Every cyclist has some sort of “bucket list” of events or places they’d like to ride. I’ve been very lucky to have been able to cross a few off my list over the years – BC Bike Race, the Breck Epic, the Deschutes Cup USGP in Bend, riding in Provence and Nice… making it to these oft daydreamed about cycling races/events and pleasure trips allows one to experience new places in the best way, by bike. However, some trips come about without even making it on your radar beforehand – such was the case with my recent trip up north to Whitehorse to mountain bike and participate in the 24 Hours of Light.

Glad to be invited along on this adventure!

Glad to be invited along on this adventure!

If you are anything thing like me, your initial reaction to the suggestion of Whitehorse, Yukon as the ultimate destination for a mountain bike getaway is skeptical at best. Especially since my only previous exposure to the Yukon was as the lone 12 year old along on a senior citizens’ RV driving tour to Alaska way back in the summer of 1989 with my grandma, I didn’t really associate the northern Canadian latitudes with “mountain bike mecca”.  I was assured by my traveling compatriots though this was a under the radar type of find, and sure enough as I started to do a little research on the area’s trails (check them out here) and talk to those from or who had visited Whitehorse, it was evident there was certainly some awesome biking to be had to the north.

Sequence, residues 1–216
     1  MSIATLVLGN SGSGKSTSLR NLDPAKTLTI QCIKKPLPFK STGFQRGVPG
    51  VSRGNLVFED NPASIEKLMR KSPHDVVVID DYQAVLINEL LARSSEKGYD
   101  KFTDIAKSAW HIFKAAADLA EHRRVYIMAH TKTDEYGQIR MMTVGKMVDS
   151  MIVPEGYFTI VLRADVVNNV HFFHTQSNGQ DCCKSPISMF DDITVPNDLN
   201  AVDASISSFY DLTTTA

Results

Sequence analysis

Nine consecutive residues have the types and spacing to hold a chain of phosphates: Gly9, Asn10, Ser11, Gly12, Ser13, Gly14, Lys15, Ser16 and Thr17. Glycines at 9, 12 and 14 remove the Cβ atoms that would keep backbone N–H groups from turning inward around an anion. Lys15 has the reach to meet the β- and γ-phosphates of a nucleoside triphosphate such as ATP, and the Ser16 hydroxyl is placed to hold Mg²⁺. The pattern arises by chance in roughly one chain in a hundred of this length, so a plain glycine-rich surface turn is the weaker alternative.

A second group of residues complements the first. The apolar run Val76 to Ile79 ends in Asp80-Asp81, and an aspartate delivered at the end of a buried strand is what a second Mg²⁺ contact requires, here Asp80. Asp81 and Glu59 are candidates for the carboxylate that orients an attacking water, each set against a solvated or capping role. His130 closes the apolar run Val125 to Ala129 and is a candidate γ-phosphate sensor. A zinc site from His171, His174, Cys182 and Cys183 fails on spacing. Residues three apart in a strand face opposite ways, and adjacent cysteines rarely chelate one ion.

Beforehand, I certainly didn't associate this with the Yukon.

Beforehand, I certainly didn’t associate this with the Yukon (McDonald Creek Trail).

Our travel plans were loosely scheduled around the scheduling of the 24 Hours of Light, a 24 hour mountain bike race of the standard format where the most laps of the course completed wins, with a few notable rule changes. More on that later. The race was scheduled for Saturday/Sunday, so flights were scheduled to arrive Wednesday and depart Monday to allow for plenty of ride time and relaxation time. I did briefly consider driving up to Whitehorse until Google Maps informed me the drive would be an arduous 3500 km.